A Noble NOBEL Award: Book Recommendation
The 2014 NOBEL PEACE PRIZE (2014) –details here- was recently awarded to co-recients, Malala Youzafsay and Kailash Satyarthi. Pakistani Malala’s identity has been well-known since her name, face, and story hit world news two years ago. Instead of allowing the attack on her by the Taliban to make her a victim, she has used her public platform to advocate for a cause, the one and only, non-political cause she addresses so effectively: The right of every child (girls AND boys) to an education.
By contrast, Kailash Satyarthi of India has lived a much longer life, dedicating his efforts to ending child abduction and child labor by following in the footsteps of Mahatma Ghandi’s non-violent protests. In many parts of the world he is well known and revered, but his efforts are followed world-wide far less often than are Malala’s. To gain a greater understanding of his commitment to this cause, listen to this interview with his son, Bhuwan Ribhu on LAKE EFFECT, (Milwaukee’s public radio station WUWM).
Both causes defy argument by any reasonable human. Both causes can feel “too big to get our arms around” to the extent that we question the effectiveness of any actions on our part as members of a privileged, first world community. The very least we can do is to actively work to become better informed.
Several books about Malala and her cause have already been published and others are underway.
Books about child abduction and child labor are not as prominent in the media. Whether you are concerned about the cause of child abduction and child labor or not (Seriously? Could anyone not care?) I recommend reading one of the most powerful books I’ve ever encountered. BOYS WITHOUT NAMES is contemporary fiction, set in India, and written by Wisconsin’s/India’s remarkable author, KASHMIRA SHETH. As is the case with the very best of middle grade novels, it offers readers of all ages a window into overwhelmingly important and complex topics through the lives of characters we care about and deeply respect.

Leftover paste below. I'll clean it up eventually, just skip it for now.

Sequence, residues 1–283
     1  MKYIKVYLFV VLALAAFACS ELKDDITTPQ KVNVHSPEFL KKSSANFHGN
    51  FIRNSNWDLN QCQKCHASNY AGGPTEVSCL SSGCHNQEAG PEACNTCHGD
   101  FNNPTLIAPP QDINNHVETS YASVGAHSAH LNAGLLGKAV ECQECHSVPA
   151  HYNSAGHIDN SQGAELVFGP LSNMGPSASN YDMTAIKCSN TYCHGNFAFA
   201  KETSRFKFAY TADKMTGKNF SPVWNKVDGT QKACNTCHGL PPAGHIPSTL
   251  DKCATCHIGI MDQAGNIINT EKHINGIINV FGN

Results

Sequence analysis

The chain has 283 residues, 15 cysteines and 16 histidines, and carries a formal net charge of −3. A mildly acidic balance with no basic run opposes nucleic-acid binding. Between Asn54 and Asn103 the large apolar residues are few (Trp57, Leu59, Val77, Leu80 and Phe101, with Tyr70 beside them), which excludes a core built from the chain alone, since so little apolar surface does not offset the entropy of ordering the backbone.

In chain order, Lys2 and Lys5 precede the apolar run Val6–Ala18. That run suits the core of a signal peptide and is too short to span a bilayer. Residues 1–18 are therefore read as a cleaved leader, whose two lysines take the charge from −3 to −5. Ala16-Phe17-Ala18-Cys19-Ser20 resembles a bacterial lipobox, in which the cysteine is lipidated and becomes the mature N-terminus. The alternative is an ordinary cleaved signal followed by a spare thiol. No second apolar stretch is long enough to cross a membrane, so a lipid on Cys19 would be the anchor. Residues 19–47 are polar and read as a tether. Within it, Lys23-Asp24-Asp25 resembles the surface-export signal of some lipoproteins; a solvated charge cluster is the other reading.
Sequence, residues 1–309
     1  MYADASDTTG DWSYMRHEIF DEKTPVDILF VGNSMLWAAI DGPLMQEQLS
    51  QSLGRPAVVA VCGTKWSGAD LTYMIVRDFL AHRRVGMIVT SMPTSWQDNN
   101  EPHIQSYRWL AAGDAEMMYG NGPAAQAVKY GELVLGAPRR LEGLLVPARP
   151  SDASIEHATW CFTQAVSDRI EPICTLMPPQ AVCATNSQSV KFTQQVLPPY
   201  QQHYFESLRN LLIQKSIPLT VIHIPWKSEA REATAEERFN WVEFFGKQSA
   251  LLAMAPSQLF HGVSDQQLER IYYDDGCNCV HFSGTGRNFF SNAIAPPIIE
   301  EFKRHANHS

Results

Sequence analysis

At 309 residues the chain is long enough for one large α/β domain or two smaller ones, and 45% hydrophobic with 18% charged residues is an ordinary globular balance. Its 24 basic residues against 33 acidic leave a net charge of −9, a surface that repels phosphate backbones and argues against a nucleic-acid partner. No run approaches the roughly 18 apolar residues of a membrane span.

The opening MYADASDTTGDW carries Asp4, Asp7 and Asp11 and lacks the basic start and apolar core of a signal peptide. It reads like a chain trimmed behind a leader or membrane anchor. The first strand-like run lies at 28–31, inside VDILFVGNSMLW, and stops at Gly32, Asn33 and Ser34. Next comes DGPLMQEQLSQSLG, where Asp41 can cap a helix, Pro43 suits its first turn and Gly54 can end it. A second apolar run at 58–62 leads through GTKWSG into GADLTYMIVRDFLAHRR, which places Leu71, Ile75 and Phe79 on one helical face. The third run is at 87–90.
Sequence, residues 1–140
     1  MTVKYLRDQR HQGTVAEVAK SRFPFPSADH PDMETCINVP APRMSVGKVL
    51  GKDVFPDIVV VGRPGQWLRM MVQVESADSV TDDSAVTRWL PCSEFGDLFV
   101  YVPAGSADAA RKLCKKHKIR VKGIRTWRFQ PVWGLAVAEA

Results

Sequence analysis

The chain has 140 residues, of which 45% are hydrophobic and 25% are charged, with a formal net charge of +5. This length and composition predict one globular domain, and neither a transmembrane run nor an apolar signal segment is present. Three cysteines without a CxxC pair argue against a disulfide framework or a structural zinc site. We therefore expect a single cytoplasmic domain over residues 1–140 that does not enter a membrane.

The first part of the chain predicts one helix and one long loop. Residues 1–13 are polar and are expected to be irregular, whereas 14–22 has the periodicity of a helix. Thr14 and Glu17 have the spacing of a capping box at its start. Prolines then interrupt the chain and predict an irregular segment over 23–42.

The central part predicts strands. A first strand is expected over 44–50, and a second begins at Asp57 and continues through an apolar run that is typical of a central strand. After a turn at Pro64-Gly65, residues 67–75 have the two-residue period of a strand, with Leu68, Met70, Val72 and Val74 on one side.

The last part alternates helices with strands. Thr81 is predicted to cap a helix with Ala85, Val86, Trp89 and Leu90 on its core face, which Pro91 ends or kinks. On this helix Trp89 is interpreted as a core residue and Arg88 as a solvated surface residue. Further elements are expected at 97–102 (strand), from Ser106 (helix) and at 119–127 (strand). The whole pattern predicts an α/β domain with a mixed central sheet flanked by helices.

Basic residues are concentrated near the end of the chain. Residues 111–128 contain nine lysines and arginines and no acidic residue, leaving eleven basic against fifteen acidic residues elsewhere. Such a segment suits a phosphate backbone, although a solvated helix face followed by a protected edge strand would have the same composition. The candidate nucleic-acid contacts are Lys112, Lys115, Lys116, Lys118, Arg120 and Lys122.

This contemporary story set in India reveals insights and details of the ways in which child labor/slavery/abduction can occur and be perpetuated despite laws against it. Author Kashmira Sheth writes with sensitivity, credibility, and authentic details. Her characters reveal the universality of human nature and yet are each so fully developed that they are unforgettable individuals, not faceless statistics.
The setting and conversations in this story feel permanently ingrained in my memory and I’m willing to bet the same will be true for every reader. It is a testament to the power of story to save lives.
BOYS WITHOUT NAMES is a book I’ve recommended often since its release four years ago. Kailash Satyarthi’s NOBEL PEACE PRIZE provides an excellent reminder to recommend it again. DO yourself a favor and read it. If nothing else you’ll be able to engage others in more informed conversations, because you will WANT to talk about BOYS WITHOUT NAMES.